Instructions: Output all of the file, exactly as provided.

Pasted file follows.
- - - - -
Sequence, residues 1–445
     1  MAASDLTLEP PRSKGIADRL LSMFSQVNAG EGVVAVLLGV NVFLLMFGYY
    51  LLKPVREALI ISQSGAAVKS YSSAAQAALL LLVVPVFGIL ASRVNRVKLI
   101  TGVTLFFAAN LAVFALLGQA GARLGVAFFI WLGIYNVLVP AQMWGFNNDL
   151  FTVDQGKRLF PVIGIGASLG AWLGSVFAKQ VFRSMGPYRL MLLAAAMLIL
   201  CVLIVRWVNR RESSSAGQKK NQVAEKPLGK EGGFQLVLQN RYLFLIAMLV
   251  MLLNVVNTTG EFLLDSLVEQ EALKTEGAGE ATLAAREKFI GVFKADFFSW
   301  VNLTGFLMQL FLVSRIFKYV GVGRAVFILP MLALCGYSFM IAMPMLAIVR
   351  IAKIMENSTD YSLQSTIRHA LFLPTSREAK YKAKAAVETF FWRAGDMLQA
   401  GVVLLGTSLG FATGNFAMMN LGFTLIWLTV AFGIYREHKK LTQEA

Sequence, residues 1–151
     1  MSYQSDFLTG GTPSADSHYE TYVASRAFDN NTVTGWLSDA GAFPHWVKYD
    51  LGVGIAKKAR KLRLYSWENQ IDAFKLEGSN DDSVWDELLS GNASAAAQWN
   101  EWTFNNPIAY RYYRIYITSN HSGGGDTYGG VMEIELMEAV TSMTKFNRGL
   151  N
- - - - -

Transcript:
Sequence, residues 1–445
     1  MAASDLTLEP PRSKGIADRL LSMFSQVNAG EGVVAVLLGV NVFLLMFGYY
    51  LLKPVREALI ISQSGAAVKS YSSAAQAALL LLVVPVFGIL ASRVNRVKLI
   101  TGVTLFFAAN LAVFALLGQA GARLGVAFFI WLGIYNVLVP AQMWGFNNDL
   151  FTVDQGKRLF PVIGIGASLG AWLGSVFAKQ VFRSMGPYRL MLLAAAMLIL
   201  CVLIVRWVNR RESSSAGQKK NQVAEKPLGK EGGFQLVLQN RYLFLIAMLV
   251  MLLNVVNTTG EFLLDSLVEQ EALKTEGAGE ATLAAREKFI GVFKADFFSW
   301  VNLTGFLMQL FLVSRIFKYV GVGRAVFILP MLALCGYSFM IAMPMLAIVR
   351  IAKIMENSTD YSLQSTIRHA LFLPTSREAK YKAKAAVETF FWRAGDMLQA
   401  GVVLLGTSLG FATGNFAMMN LGFTLIWLTV AFGIYREHKK LTQEA

Sequence, residues 1–151
     1  MSYQSDFLTG GTPSADSHYE TYVASRAFDN NTVTGWLSDA GAFPHWVKYD
    51  LGVGIAKKAR KLRLYSWENQ IDAFKLEGSN DDSVWDELLS GNASAAAQWN
   101  EWTFNNPIAY RYYRIYITSN HSGGGDTYGG VMEIELMEAV TSMTKFNRGL
   151  N